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Sir Bobby Robson would have no problem managing in modern-day football – Ipswich Town boss

Sir Bobby Robson (left) shakes hands with then-Sunderland manager Mick McCarthy, ahead of Newcastle's game at the Stadium of Light in April 2003

Sir Bobby Robson (left) shakes hands with then-Sunderland manager Mick McCarthy, ahead of Newcastle's game at the Stadium of Light in April 2003

Ipswich Town boss Mick McCarthy says Sir Bobby Robson would have had no problems cutting it as a manager in the modern era.

Ipswich Town boss Mick McCarthy believes the late Sir Bobby Robson would have no problems cutting it as a manager in the modern era.

The legendary Ipswich and Newcastle manager will be celebrated at Portman Road, as part of ‘Sir Bobby Robson Day’, the main event being the Championship clash between the Blues and the Magpies at Portman Road this afternoon.

Robson won four domestic league titles, two in Holland and two in Portugal, during his time as a manager, but more significantly he led Town to FA Cup and UEFA Cup glory and guided England to last-eight and last-four finishes in two World Cups.

His last managerial role came at St James’ Park, before being controversially sacked in August 2004 and he passed away just under five years later, after a long battle with cancer.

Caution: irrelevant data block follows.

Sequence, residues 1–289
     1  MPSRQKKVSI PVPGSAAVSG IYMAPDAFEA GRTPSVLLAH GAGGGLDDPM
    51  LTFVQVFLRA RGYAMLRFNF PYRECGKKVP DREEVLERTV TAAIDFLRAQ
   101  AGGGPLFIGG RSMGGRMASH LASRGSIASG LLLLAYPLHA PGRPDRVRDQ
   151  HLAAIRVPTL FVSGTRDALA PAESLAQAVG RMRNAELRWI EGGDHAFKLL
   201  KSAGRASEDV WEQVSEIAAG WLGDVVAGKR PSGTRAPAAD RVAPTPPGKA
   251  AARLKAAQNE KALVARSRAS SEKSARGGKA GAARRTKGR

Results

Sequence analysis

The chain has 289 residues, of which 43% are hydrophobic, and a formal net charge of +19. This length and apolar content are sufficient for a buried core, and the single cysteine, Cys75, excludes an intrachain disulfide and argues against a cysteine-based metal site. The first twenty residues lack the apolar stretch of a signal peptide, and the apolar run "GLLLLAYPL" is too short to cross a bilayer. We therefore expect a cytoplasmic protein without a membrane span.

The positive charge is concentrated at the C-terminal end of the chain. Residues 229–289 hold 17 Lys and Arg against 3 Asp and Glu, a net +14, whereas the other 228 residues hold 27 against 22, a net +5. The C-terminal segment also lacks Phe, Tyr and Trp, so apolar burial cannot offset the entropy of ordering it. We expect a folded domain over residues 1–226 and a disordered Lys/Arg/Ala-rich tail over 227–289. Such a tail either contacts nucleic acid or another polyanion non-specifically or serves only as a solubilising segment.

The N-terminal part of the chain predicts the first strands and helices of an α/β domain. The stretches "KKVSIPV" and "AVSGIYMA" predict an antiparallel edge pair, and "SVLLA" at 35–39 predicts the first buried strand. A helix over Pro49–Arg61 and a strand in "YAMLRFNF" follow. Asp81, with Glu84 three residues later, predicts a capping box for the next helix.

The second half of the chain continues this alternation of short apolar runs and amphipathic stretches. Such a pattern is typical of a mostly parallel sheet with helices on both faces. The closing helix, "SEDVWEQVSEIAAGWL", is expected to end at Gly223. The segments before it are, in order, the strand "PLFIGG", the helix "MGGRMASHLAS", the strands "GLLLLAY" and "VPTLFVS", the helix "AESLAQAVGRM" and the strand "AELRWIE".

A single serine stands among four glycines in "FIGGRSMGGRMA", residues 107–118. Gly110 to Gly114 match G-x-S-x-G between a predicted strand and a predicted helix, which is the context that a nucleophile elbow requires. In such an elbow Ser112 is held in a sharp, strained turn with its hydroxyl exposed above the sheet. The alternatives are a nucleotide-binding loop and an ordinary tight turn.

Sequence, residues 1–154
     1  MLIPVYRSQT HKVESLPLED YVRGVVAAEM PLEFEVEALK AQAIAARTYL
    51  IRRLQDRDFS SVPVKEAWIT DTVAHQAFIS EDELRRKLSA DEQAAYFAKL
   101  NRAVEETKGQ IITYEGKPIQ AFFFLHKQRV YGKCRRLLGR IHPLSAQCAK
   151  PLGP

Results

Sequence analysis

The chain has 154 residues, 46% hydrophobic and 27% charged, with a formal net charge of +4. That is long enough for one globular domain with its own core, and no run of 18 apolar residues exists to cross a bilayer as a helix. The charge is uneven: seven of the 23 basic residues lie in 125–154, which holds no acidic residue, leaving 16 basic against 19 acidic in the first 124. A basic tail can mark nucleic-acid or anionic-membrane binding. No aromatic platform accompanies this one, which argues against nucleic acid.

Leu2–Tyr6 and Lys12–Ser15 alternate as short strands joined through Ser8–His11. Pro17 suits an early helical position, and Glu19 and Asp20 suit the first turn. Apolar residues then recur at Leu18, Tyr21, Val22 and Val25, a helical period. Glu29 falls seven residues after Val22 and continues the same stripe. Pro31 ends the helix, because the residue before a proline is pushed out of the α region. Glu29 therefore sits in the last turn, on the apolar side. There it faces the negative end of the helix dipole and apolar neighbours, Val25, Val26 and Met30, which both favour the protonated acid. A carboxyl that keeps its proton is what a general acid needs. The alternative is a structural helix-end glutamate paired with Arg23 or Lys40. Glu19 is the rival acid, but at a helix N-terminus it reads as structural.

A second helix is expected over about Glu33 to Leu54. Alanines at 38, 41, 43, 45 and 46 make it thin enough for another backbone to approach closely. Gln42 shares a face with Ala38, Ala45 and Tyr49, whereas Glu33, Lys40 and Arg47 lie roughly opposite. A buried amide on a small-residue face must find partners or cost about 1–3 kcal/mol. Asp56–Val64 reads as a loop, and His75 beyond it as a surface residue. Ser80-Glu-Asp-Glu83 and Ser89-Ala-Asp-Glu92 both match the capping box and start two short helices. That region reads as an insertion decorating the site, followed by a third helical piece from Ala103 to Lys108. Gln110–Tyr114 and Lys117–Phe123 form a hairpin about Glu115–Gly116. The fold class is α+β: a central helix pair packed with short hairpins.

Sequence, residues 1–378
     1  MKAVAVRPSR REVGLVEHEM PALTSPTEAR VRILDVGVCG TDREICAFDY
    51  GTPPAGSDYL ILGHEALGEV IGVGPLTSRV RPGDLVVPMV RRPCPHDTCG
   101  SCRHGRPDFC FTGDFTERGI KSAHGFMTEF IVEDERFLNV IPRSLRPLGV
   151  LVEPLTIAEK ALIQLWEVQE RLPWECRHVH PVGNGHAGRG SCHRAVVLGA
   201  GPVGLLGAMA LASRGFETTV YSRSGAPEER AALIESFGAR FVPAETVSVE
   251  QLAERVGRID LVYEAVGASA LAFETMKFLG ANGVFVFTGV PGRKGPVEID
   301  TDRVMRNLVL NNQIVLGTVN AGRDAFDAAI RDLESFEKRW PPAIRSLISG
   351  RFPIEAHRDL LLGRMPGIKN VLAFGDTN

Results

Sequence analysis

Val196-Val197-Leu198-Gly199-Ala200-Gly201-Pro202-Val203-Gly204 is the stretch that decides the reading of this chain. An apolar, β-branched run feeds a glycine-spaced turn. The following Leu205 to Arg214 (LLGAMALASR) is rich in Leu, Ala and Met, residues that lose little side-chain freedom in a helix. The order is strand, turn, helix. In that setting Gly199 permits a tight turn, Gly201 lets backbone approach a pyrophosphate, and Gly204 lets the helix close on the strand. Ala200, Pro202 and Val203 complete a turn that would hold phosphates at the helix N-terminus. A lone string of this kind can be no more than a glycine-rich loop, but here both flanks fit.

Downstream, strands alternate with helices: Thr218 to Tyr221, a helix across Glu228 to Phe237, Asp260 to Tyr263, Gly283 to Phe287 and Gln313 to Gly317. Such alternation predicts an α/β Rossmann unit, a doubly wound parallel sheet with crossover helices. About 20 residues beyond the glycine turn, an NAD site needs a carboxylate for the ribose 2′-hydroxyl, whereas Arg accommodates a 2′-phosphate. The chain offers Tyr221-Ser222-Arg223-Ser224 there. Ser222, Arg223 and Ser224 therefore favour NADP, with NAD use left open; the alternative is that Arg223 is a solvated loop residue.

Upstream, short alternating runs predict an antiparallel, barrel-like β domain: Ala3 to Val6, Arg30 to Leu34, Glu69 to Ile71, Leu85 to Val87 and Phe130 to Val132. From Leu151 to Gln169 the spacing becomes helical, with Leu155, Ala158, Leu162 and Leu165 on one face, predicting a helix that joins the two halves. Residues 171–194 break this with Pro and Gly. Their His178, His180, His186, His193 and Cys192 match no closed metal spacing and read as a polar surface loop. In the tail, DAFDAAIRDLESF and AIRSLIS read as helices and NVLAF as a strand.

“Managers adapt over a period of time because they have to, we all have to adapt to different things and he did,” said McCarthy,.

“He evolved; he innovated with how his teams played, so he would be more than bright enough to pick up anything, and it (football) has not changed that much.”

A raft of foreign coaches, appointed by Premier League clubs in recent history, have been largely credited for transforming the way in which football is now played and prepared for in England.

Liverpool boss Jurgen Klopp has become known for “Gegenpressing”, Pep Guardiola, at Barcelona, built a reputation for “Tiki-Taka” possession-based football, while Arsene Wenger was widely credited for transforming Arsenal by bringing in a strict nutrition and health regime.

“There’s all this about Gegenpressing? It’s about getting the ball back which has always been done,” said McCarthy.

“Passing has always been done. I remember speaking to Kenny Dalglish and he was saying ‘What is all this about possession football? We used to pass it to each other 30 years ago.

“Some of the terminology has changed and probably the fitness has changed and the routines and the health and strength and conditioning, and maybe the way the game is played here because it’s not 4-4-2 all the time, there are different shapes and systems, I get that.

“But the principle is still the same and Bobby Robson was a hell of a bright man and would be more than able to hold his own in terms of managing teams now.

He was a great coach, which is what he was known for, but also a great man-manager and got the best out of people, that’s the other skill.

“Coaching is one thing, managing is another.”

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